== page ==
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A pasty (/ˈpæsti/[1]) is a baked pastry, a traditional variety of which is particularly associated with Cornwall, United Kingdom. It is made by placing an uncooked filling, typically meat and vegetables, on one half of a flat shortcrust pastry circle, folding the pastry in half to wrap the filling in a semicircle and crimping the curved edge to form a seal before baking.

The traditional Cornish pasty, which since 2011 has Protected Geographical Indication (PGI) status in Europe,[2] is filled with beef, sliced or diced potato, swede (also known as yellow turnip or rutabaga – referred to in Cornwall as turnip) and onion, seasoned with salt and pepper, and baked. Today, the pasty is the food most associated with Cornwall. It is regarded as the national dish and accounts for 6% of the Cornish food economy. Pasties with many different fillings are made and some shops specialise in selling all sorts of pasties.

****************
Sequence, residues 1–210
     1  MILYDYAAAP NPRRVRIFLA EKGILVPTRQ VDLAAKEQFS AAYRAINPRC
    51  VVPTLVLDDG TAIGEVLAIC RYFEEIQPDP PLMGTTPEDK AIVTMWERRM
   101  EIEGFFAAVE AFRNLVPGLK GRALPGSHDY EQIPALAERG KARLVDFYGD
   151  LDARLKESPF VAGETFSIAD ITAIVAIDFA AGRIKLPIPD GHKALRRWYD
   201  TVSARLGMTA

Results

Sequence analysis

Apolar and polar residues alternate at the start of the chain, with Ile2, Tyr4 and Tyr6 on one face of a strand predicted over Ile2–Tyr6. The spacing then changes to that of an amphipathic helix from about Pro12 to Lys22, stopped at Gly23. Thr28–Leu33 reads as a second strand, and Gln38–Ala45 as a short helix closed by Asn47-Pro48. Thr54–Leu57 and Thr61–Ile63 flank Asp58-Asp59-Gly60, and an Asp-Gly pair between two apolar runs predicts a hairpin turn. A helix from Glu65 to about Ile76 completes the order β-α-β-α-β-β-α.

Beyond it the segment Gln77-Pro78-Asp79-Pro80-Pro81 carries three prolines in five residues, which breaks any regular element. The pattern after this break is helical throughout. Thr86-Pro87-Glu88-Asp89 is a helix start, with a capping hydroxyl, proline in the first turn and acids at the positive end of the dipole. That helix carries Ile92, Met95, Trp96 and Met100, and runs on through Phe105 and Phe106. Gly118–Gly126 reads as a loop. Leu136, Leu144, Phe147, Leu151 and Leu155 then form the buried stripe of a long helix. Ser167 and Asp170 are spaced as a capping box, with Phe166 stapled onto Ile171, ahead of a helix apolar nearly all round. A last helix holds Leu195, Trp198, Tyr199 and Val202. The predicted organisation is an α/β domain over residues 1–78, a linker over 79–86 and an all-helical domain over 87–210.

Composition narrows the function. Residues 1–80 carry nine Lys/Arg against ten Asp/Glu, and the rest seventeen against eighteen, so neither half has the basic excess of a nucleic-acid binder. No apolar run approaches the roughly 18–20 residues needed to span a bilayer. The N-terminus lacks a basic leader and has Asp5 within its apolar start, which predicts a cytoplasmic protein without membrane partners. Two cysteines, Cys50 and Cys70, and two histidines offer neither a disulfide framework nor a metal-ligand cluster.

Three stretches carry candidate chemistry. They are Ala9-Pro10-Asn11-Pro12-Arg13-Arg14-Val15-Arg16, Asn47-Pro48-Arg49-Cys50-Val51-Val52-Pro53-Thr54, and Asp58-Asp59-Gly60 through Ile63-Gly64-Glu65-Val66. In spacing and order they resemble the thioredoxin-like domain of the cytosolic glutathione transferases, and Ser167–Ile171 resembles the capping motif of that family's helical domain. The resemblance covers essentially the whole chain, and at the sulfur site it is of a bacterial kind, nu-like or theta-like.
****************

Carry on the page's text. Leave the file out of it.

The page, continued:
The origins of the pasty are unclear, though there are many references to them throughout historical documents and fiction. The pasty is now popular worldwide due to the spread of Cornish miners and sailors from across Cornwall, and variations can be found in Australia, Mexico, the United States, Ulster and elsewhere.

See also